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LAWSUITS NEWS & LEGAL INFORMATION

Texas Employer Sued for Lack of Layoff Notice

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Beaumont, TXAn employer in Texas is in hot water for a Texas Labor Law violation pertaining to the failure to provide proper notice for a mass layoff at Conex International, a manufacturing facility located in Jefferson County. According to the February 22 edition of the Southeast Texas Record, about 50 employees were let go at the plant without proper notification.

A class-action lawsuit has been filed against Conex International and Heico Holding Inc., alleging that the employer failed to provide proper notice according to legal requirements under Texas Employment law and federal statutes. Ronald Glenn Snook filed the lawsuit on behalf of class participants February 21 in the Eastern District of Texas, Beaumont Division.

Cited in the lawsuit is the WARN Act, which is a federal US labor law that also has jurisdiction under Texas labor and employment with regard to layoff. To wit, the law requires that employers with 100 or more employees are required under law to provide advance notice of no fewer than 60 calendar days if a plant is to be closed, and or a mass layoff of employees is to be undertaken.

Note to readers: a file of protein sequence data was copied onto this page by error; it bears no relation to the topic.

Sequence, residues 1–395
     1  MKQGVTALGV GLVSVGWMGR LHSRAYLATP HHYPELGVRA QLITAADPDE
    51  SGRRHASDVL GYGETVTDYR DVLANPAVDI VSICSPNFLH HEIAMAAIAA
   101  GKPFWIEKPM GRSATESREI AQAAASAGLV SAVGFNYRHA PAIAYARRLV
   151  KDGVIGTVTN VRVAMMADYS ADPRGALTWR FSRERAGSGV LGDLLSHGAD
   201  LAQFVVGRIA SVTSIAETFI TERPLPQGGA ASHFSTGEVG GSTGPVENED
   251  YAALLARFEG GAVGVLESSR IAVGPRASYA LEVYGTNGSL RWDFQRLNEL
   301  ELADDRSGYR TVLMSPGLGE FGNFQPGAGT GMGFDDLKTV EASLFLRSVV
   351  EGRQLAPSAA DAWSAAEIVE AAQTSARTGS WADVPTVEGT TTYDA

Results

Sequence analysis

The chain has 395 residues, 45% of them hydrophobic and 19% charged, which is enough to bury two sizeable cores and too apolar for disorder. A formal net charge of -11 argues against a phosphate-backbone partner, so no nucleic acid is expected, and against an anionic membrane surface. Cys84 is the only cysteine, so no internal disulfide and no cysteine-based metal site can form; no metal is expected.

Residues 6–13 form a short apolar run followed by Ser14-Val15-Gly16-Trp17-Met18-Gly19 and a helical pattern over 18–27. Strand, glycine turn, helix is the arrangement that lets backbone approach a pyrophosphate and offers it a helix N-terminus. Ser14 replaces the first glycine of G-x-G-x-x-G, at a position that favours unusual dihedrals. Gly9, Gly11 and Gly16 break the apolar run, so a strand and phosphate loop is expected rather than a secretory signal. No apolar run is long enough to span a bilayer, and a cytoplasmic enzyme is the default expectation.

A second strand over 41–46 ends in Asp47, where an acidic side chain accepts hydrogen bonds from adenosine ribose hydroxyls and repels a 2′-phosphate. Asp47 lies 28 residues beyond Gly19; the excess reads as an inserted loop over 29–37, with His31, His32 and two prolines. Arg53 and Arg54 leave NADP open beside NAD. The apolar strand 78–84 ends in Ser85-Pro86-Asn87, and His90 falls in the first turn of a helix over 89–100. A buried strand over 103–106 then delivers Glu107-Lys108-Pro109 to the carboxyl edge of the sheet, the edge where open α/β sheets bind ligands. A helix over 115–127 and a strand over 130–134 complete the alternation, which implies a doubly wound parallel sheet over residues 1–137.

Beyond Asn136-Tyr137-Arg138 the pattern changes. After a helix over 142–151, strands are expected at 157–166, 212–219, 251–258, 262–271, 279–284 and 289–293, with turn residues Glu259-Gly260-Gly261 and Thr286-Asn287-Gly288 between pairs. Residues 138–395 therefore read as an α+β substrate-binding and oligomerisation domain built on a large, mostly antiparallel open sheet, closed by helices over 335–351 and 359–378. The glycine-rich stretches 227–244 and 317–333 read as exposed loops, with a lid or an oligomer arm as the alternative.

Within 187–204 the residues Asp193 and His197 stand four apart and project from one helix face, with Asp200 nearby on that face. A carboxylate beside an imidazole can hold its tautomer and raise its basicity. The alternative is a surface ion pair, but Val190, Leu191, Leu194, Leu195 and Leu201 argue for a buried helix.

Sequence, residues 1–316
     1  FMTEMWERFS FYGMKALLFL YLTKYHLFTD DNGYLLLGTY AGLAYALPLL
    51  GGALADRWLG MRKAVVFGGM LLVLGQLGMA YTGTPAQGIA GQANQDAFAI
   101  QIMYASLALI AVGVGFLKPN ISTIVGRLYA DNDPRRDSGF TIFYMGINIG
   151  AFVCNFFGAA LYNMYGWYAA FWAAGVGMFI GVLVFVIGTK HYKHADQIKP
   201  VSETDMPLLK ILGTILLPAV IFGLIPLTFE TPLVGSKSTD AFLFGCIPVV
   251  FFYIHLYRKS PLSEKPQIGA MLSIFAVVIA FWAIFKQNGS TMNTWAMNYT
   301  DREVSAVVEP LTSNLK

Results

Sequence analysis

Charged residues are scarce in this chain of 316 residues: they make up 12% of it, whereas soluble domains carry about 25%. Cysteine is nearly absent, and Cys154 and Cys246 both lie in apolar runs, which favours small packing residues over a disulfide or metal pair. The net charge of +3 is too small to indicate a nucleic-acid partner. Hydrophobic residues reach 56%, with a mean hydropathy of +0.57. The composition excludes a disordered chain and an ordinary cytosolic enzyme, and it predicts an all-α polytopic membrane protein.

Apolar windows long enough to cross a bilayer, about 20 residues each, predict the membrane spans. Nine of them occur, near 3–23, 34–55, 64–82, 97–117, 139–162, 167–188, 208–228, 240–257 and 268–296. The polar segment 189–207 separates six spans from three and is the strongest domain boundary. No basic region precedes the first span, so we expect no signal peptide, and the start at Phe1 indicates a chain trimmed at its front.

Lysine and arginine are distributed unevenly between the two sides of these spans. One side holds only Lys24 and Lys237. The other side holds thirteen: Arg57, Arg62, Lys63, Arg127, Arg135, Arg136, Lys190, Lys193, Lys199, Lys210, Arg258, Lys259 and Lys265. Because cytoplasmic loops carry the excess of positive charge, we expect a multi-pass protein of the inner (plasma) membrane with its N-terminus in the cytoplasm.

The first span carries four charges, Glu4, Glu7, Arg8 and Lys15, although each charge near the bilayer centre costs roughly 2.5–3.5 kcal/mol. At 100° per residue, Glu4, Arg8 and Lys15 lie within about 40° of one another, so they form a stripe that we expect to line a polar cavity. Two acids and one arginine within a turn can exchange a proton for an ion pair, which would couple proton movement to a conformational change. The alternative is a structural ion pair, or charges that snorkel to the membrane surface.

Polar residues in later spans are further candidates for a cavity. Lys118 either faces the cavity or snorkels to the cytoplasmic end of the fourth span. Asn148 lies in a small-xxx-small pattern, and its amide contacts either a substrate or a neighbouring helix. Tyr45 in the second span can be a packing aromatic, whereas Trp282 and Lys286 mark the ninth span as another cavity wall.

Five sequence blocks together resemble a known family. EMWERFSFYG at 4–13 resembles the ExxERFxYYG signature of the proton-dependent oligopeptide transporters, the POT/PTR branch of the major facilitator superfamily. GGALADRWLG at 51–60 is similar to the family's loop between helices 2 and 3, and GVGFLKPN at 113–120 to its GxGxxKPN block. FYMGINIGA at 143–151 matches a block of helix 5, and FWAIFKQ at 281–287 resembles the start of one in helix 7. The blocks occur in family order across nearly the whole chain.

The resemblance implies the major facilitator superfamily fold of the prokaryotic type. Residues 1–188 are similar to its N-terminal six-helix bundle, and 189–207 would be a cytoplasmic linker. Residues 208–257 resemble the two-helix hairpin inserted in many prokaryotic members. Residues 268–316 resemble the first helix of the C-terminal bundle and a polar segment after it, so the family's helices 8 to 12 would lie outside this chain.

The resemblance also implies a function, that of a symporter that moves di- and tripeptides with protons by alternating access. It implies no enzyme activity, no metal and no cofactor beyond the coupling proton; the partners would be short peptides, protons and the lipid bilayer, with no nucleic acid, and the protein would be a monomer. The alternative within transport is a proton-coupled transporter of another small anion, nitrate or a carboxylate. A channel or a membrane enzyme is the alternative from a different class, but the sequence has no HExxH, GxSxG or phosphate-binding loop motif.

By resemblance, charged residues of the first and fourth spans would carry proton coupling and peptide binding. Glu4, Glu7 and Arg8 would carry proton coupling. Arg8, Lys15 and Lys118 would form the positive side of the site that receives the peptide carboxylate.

The Southeast Texas Record noted that Conex International is a general mechanical contracting and industrial services firm providing plant turnarounds and shutdowns, new construction, tower & vessel services, heat exchanger services, maintenance, planning, scheduling and management services to customers in the refining, petrochemical and other process industries.

Operating since 1985, Conex is accused of failing to pay Plaintiffs "their respective wages, salary, commissions, bonuses, accrued holiday pay and accrued vacation for 60 days following the notice of their respective terminations, and failed to make the pension and 401(k) contributions and provide employment benefits under ERISA, other than health insurance, for 60 days following the notice" of layoffs, the court documents state.

The lawsuit alleges that at least 50 employees were let go without adherence to the provisions of the WARN act, as noted above. It was not revealed at what point the layoff occurred or was announced within the 60-day window, or if the employees received any notice at all. Court documents appear to suggest the layoff came without notice.

Texas labor and employment law, whether originating at the state or federal level, is designed to protect worker's rights. In this case, a mass layoff without the required advance notice can be a cause for crisis in a family following the sudden disappearance of income. For single-income families, such an occurrence can be devastating.

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READER COMMENTS

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I find this quite interesting since my employer had over 100 employees back in Nov/dec 2011 and laid off at least 63 people without notice. They just herded them into a room and let them go. Makes me wonder why nobody was aware of the WARN Act.

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